Incident #2: One year my father absent-mindedly forgot to sign up at work for his vacation weeks. This was a huuuge deal, because we had already reserved and put a deposit on a rental cottage, and there was a chance that we'd just miss our vacation, while paying the deposit fee, if Dad didn't secure the right to take the proper weeks off. (Turns had to be taken, so he couldn't take just any week.)

My mother, who never swore and never tolerated the use of words like "hell" in her presence, discovered Dad's lapse in the middle of family dinner. There was a silence. Then she turned to him and said, "You asshole!"

I remember nothing that happened after that, because the moment itself was so apocalyptic in my mind. But I'll bet you that every single member of my family remembers when she said it, and why. And you damn betcha my father fixed the vacation thing and never ever repeated that mistake. I have never heard her utter another curse word ever again.

Lesson learned: If you are known to never swear, people will pay attention if you do. If you swear regularly, the words don't have that power.
rivka: (foodie)
This time I'll tackle the food questions.

[livejournal.com profile] ailbhe and [livejournal.com profile] minnehaha K: Your dinner.

Tonight we had baked chicken thighs, Southern-style biscuits with butter, and carrot sticks, and ice cream for dessert. Dinner was cooked by Michael, who is getting to be a better cook every day. (Usually the cooking is my responsibility.) The chicken skin wasn't as crispy as I like it (my fault, not Michael's, because he was following my directions) - we probably should've upped the oven temperature. But overall, it was very good.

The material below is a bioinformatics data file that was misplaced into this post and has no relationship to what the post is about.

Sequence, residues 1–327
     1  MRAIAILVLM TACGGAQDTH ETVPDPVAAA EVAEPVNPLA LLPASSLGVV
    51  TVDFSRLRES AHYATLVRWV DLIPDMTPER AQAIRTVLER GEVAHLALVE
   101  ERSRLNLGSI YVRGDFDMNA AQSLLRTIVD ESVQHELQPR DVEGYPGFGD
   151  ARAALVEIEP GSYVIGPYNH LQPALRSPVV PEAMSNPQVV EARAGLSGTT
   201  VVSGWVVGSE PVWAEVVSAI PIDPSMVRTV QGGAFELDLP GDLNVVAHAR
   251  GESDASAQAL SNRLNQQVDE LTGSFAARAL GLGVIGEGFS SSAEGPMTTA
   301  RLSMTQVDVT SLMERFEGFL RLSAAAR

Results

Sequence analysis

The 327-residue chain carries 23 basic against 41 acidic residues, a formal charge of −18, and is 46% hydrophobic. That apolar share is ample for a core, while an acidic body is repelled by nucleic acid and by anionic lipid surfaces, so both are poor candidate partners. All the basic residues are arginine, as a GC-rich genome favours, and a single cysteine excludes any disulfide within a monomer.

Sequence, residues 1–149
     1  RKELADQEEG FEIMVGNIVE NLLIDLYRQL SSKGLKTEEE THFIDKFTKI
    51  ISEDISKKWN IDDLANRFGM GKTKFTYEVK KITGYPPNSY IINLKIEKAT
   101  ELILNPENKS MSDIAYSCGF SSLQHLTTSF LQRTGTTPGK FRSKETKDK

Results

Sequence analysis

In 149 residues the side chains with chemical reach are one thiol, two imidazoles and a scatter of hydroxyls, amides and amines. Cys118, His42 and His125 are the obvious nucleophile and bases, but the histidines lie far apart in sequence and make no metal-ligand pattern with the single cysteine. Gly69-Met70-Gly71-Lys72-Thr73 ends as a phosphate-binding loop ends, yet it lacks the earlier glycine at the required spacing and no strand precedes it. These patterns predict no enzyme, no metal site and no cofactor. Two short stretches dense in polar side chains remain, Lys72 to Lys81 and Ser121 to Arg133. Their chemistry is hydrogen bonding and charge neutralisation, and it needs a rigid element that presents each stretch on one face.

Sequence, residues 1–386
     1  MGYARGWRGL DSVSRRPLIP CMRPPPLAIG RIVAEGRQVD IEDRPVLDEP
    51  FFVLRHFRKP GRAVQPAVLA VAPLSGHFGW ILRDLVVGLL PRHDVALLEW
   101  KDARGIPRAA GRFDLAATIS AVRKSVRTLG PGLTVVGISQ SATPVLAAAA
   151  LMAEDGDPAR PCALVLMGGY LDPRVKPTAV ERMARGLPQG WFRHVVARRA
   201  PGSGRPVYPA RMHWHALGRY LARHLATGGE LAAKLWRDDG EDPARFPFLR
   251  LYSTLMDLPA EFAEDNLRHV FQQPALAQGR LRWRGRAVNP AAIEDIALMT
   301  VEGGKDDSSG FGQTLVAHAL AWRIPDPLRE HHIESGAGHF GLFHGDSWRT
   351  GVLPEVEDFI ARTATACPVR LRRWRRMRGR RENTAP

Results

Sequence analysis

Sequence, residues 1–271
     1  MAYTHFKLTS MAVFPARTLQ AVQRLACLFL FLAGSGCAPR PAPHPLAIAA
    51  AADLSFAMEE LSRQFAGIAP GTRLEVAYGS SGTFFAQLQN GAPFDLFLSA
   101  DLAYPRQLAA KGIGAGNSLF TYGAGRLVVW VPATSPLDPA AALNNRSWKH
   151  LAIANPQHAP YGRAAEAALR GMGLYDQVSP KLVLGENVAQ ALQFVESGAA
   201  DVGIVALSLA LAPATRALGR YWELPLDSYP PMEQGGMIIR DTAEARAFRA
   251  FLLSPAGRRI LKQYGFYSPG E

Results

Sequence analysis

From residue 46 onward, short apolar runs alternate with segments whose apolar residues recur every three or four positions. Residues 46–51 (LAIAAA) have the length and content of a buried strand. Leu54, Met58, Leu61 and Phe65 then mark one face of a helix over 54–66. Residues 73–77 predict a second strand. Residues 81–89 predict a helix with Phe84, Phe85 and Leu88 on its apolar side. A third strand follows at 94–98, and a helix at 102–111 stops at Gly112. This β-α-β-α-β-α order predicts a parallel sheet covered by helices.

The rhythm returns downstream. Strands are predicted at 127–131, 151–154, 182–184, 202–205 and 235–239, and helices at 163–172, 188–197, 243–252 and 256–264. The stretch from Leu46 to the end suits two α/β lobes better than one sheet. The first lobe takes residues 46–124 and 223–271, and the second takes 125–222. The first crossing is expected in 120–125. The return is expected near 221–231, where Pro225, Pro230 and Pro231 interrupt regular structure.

[livejournal.com profile] hobbitbabe: Do you have any kitchen appliances for mixing stuff up, and what do you make with them and should I buy one or more of them? (giant immovable mixer, food processor, immersion blender, old-style blender, etc).

I have a Kitchenaid stand mixer, a generous gift from [livejournal.com profile] wcg a few years back. It is, as you say, giant and immovable. Unfortunately, it has to live in the pantry and be carried out every time I want to bake.

I use it to make cakes, cookies, and other desserts. It replaced an ancient underpowered hand mixer. The difference is most notable with stiff batters like cookie dough. I made pumpkin cranberry bars to give as Christmas gifts this year, another very thick-battered recipe, and found that my mixer could easily handle double batches. It's also excellent for things that need to be really, really, seriously, impressively well-beaten, like this gingerbread cake roll.

Oh, and the other difference I almost forgot about: because it has a paddle that is cleverly positioned in the bowl, rather than beaters, you almost never have to scrape the sides and bottom of the bowl when you're mixing. Which is very nice. Should you have one? If you bake regularly, yeah, you probably should.